Autumn 2012 Volume 26 No. 3 Issue No. 101





06 A font of majuscule proportions at


09 Obituary—Etienne Rynne

10 Cherrymount crannog, Fermanagh

13 Laser scanning at Brú na Bóinne

16 Trapping witches in Wicklow


19 Steam engines make a comeback

23 Buttevant Friary and its crypt

26 Once upon a time in the west...

30 Death by nostalgia


34 Know your monuments: Henges

38 Harping on at Kells Priory

41 Revd Naylor’s desecration


48 Review: The archaeology of medieval Europe




04 News

07 Net news

08 Quote…unquote

42 Events

43 Book news

50 Hindsight


Cover photo: Cairn B, Carrowkeel. (Photo: R. Hensey.)

CURIOSITY Edmund Burke once said that ‘the first and simplest emotion which we discover in the human mind is curiosity’. It could be said that curiosity drives inquiry and contributes to the thirst for knowledge.

It is ironic that Neil Armstrong, the man who left the first footprint on the surface of the moon, died at a time when further landmark achievements are being made in space exploration. His small step onto the lunar surface on behalf of mankind has left an indelible and inspiring message for modern-day earthlings. In one space mission not only was our curiosity as to the nature of the moon satisfied but we also found out what could be achieved when the collective inquiring mind was brought to bear on the numerous challenges posed by lunar exploration.

Curiosity might be the phenomenon that brought about the demise of the proverbial cat, so maybe it is not such an unusual name for NASA’s new rover. It is remarkable that only 51 years after the first manned space flight NASA have managed to deliver Curiosity, a remotely operated vehicle, to the surface of the planet Mars. The exploration of Mars at a distance of 225 million kilometres on average from earth is indicative of the lengths to which we are prepared to go to satisfy that emotion.

It is also amazing that within hours of a complex landing the camera on Curiosity beamed back stunning images of the Martian landscape. We almost forget that the delivery of such imagery is an amazing achievement in its own right, and NASA’s sharing of these pictures with the world is to be commended. Initial pictures show a deserted reddish, vegetationless, geological paradise with hills, valleys and exposed stratigraphic layers. For the first time, high-resolution images will allow scientists to sit back (richly upholstered easy chairs aid cogitation!) and carry out analysis at their leisure.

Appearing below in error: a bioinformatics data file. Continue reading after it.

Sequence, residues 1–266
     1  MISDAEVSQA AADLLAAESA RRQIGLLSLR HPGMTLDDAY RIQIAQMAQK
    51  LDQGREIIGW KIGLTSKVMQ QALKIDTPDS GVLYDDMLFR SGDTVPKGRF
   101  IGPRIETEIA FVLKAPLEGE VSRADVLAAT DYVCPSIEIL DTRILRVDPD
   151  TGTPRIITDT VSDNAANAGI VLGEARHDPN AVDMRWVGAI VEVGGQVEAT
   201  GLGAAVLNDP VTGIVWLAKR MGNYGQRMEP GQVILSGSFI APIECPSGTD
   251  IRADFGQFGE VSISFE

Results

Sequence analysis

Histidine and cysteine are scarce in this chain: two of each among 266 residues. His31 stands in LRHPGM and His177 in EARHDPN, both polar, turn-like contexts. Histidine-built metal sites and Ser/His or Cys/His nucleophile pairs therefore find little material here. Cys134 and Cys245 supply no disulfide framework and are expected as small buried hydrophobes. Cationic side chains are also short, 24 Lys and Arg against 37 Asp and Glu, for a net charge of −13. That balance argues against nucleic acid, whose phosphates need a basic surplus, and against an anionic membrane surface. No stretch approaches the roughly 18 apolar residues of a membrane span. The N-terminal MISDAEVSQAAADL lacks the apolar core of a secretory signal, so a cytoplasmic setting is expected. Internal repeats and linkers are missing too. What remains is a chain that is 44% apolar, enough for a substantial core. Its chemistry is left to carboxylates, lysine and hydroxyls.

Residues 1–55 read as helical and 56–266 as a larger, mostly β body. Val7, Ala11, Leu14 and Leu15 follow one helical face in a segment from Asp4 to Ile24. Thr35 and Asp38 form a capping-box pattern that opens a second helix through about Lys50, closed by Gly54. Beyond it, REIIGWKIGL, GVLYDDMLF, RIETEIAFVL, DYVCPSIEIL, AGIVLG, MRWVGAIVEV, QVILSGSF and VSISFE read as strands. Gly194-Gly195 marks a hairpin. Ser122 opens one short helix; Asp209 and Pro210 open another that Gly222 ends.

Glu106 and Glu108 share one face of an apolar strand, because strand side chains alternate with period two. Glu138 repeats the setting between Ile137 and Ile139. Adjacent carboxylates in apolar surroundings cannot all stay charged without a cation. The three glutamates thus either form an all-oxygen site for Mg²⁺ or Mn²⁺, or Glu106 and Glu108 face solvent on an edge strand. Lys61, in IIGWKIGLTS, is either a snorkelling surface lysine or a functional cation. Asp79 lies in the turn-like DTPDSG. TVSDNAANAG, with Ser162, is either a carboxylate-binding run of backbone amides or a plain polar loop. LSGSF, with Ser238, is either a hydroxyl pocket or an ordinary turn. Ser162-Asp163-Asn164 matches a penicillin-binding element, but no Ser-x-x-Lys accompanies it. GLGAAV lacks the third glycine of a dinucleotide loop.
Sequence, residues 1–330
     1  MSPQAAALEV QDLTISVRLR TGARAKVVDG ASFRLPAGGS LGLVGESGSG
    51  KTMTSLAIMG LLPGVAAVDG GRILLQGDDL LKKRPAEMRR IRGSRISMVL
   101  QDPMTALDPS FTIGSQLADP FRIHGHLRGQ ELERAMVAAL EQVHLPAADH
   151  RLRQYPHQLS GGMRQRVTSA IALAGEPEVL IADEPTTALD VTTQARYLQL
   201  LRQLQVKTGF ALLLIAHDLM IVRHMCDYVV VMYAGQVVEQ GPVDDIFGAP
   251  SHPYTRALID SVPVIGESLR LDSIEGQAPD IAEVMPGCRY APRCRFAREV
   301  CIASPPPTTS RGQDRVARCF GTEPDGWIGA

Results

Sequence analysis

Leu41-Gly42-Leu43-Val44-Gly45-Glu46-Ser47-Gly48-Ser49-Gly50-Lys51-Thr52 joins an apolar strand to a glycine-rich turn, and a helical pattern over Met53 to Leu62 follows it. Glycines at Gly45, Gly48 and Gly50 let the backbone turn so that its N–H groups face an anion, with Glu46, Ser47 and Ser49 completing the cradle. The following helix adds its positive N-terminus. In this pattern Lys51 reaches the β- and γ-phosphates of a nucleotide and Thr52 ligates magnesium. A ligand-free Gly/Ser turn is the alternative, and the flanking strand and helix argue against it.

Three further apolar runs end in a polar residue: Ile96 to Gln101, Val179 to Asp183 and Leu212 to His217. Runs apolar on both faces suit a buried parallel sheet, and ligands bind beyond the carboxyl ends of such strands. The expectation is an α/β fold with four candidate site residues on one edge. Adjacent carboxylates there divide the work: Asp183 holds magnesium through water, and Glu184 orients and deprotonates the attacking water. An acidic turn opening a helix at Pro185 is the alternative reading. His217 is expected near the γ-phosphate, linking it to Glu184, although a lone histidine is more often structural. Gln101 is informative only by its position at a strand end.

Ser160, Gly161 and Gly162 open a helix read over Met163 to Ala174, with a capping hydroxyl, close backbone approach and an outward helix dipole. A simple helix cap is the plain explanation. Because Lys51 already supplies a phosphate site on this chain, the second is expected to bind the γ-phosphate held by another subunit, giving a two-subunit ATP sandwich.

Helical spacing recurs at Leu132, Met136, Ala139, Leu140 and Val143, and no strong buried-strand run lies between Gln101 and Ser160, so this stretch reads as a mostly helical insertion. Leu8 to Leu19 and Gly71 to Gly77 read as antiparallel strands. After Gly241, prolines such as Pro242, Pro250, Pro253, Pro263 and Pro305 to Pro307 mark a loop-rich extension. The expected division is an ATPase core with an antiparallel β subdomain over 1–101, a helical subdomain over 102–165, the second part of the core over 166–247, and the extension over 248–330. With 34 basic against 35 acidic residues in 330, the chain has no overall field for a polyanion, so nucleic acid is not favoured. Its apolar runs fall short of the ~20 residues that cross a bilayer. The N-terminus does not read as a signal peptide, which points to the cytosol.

Whatever about the geological structures of the Martian landscape and its morphological development, the simple question that still dominates scientific and popular thinking is focused on finding evidence for previous life forms and how they may relate to us. By contrast, our own landscapes on Earth are brimming with indications of life, past and present, and evidence for the activities of its life forms. As archaeologists we are curious about our own species: where it came from, how it organised itself, what it has achieved and why it exists. The quickly changing physical and political environments ensure that evidence for previous generations can seem almost as alien as the much-sought-after extra-terrestrial kind.

On Earth and in Ireland the evidence for previous generations is a lot closer. It could be in the neighbouring county, parish or townland. We are lucky that these days we have many new and exciting methods of archaeological investigation. Not only should we be careful to preserve the evidence that is the target of our investigations but we should also address and communicate the reasons for our curiosity, the catalyst for our archaeological pursuits.

Renowned scientist Albert Einstein put it nicely when he said ‘The important thing is not to stop questioning. Curiosity has its own reason for existing’. Cleverly, Einstein did not say what that reason is, but it is something we should be keen to find out.

Tom Condit